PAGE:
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OWINGS MILLS - To Eric DeCosta, the Baltimore Ravens' first pick in next week's NFL draft will likely be one of three players.

"I could give you three names, and it will be one of those three guys most likely," DeCosta, the Ravens' assistant general manager, said Wednesday.

But DeCosta obviously isn't sharing who those players are. And with as many areas as Baltimore would like to address in the draft, there are conceivably several different directions the Ravens could go with that top pick.

The good part for Baltimore is that this is considered one of the deepest and most talented draft classes in several years.

It also helps that the Ravens own a top-20 pick for the first time since 2008.

And whether it's a tight end, a defensive lineman, a safety or something else, the Ravens feel like they should be able to get an impactful player with that 17th overall pick.

"I'm excited because I see the quality of player that we can get," DeCosta said. "We haven't seen that type of player in a few years. We just can't miss the pick. We've got to nail the pick. But it's exciting to even be in that discussion to even get one of those guys."

The top concerns for Baltimore heading into the draft are likely running back, right tackle and free safety. However, the Ravens may not address any of those positions with their first pick.

Baltimore is high on Notre Dame offensive lineman Zack Martin, a college left tackle whom many in league circles feel has the potential to be a high-level starter at either guard or right tackle. However, DeCosta believes each of the top four tackle prospects will be off the board by the time the Ravens pick at 17. That includes Martin.

Baltimore could take a free safety like Ha Ha Clinton-Dix from Alabama or Calvin Pryor from Louisville if they are available, but a player at another position may provide better value.

For example, Eric Ebron, widely considered the draft's top tight end prospect, may fall. The Ravens already have Dennis Pitta and Owen Daniels at tight end, but Daniels will be 32 in November, and Ebron could provide a long-term weapon at that position to go along with Pitta.

A defensive lineman like Ra'Shede Hageman from Minnesota could also be of interest.

Baltimore already has Haloti Ngata and Chris Canty along the defensive line, but Ngata is 30 and Canty will be 32 in November.

Also, in the short term, Hageman would add competition for the defensive tackle job vacated by Arthur Jones.

"Hageman's a guy that's just physically gifted and talented, and you really started seeing all he could do once the Senior Bowl came around," Ravens director of college scouting Joe Hortiz said. "He got out there on a level playing field, and he really had a great performance out there."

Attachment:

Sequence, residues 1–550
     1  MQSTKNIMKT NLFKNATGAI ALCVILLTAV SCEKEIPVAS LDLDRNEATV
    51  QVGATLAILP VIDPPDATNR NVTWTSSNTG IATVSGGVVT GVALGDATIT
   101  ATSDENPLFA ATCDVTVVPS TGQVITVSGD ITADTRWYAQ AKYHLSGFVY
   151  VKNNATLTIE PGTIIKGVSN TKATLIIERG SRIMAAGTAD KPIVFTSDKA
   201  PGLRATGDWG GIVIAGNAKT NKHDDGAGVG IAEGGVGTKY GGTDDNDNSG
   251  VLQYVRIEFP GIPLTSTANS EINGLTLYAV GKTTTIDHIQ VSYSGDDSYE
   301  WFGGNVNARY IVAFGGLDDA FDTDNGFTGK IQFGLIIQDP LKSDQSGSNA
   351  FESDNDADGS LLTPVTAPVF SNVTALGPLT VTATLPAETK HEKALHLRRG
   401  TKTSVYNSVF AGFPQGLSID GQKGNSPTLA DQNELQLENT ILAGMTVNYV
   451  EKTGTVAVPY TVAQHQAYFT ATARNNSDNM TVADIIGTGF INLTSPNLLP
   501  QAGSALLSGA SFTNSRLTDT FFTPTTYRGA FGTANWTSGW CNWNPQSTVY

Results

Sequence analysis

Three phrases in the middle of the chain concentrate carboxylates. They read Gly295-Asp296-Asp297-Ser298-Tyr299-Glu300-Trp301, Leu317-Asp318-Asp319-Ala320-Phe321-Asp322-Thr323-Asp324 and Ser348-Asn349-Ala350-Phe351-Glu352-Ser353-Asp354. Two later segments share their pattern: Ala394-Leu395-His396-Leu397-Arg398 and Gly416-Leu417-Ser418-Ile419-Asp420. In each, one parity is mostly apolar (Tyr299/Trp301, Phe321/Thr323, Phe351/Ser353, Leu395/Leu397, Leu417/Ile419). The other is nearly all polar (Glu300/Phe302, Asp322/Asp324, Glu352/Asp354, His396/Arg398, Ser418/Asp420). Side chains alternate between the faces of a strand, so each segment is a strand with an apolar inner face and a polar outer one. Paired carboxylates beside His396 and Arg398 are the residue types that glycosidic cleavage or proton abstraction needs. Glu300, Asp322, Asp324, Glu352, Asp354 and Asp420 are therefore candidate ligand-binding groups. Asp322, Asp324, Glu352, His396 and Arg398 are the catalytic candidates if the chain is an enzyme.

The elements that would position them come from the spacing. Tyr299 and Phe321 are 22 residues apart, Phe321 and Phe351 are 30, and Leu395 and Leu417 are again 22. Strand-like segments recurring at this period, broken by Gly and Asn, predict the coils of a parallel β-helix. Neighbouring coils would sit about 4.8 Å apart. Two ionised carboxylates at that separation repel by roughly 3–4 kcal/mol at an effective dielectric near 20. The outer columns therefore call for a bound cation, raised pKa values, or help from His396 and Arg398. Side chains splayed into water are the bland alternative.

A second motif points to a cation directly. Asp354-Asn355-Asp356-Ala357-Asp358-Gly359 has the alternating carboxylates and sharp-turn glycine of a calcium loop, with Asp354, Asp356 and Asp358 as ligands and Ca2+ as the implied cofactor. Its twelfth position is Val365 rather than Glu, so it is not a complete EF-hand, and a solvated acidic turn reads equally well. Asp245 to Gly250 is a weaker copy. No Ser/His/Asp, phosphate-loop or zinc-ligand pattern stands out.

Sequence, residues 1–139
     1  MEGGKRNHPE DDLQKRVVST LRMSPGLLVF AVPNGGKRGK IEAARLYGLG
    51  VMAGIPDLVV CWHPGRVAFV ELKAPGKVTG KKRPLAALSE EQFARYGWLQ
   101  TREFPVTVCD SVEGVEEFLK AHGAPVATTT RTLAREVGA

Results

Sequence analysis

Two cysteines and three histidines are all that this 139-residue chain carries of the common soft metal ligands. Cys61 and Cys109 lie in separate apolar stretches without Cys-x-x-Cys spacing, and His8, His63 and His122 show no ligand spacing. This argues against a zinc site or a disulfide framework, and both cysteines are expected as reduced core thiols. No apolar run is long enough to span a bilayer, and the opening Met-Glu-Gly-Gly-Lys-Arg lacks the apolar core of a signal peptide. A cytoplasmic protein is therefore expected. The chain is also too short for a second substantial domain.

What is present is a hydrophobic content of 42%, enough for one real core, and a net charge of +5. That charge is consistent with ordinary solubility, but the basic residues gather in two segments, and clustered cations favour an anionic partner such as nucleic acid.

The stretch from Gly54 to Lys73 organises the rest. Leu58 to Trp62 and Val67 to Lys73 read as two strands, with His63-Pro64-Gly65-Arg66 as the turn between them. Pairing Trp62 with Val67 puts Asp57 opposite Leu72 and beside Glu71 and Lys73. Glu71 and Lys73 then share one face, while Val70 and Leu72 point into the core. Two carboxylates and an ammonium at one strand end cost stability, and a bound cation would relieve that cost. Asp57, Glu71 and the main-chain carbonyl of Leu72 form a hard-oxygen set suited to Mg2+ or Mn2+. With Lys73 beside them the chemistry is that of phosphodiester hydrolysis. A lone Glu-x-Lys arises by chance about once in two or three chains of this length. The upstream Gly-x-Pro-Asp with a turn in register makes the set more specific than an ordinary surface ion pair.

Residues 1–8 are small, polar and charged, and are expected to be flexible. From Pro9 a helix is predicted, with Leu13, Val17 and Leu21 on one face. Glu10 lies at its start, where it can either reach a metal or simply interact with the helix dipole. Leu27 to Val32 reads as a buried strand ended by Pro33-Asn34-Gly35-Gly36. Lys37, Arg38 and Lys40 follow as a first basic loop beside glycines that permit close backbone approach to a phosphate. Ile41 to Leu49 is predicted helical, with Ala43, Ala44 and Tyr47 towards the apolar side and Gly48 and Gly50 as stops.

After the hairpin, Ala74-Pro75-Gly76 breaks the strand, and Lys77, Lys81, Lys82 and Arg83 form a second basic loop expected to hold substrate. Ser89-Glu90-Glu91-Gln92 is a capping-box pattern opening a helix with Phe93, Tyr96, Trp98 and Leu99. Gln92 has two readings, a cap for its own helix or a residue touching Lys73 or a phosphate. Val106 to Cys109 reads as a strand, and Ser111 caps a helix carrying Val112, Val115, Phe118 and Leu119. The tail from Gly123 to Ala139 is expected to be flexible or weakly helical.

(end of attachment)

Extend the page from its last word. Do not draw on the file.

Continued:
An inside linebacker like C.J. Mosley from Alabama could also be of interest to Baltimore.

Coach John Harbaugh said earlier this offseason that the Ravens would like to add one or two inside linebackers to their current group.

Someone like Mosley could also put Baltimore in a good position for the future. The Ravens took Arthur Brown in the second round last year, but their other starting inside linebacker, Daryl Smith, is 32.

Baltimore is also interested in adding a wide receiver even after signing Steve Smith as a free agent.

The Ravens envision Torrey Smith and Marlon Brown being big parts of their future, but they would like to add another receiver to go along with at least those two.

Sammy Watkins from Clemson and Mike Evans from Texas A&M will both likely be off the board by the time Baltimore picks, but Odell Beckham from LSU could still be there.

Beckham isn't big. He's just 5-11, 198 pounds. But he is a playmaker and was a first-team All-SEC selection as an all-purpose player last season.

Some members of Baltimore's organization are also high on Oregon St. wide receiver Brandin Cooks, who some pundits compare to Steve Smith. However, the Ravens may not want to take him at 17.

It's also possible that Baltimore trades back and acquires more picks in later rounds.

Ravens general manager Ozzie Newsome said Wednesday that he has already received phone calls from teams looking to trade up.

One way or another, though, Baltimore expects to find some impactful players in this year's draft, and that begins with that No. 17 overall pick.

"I don't know where this draft is going to stand in the 19 years that we've been doing this, but I do trust the information and the people that will be a part of the draft," Newsome said, "and I think that when we finish up on Sunday afternoon with the undrafted college free agents, we will bring in some players who are going to impact our football team, not only this year, but in years to come."

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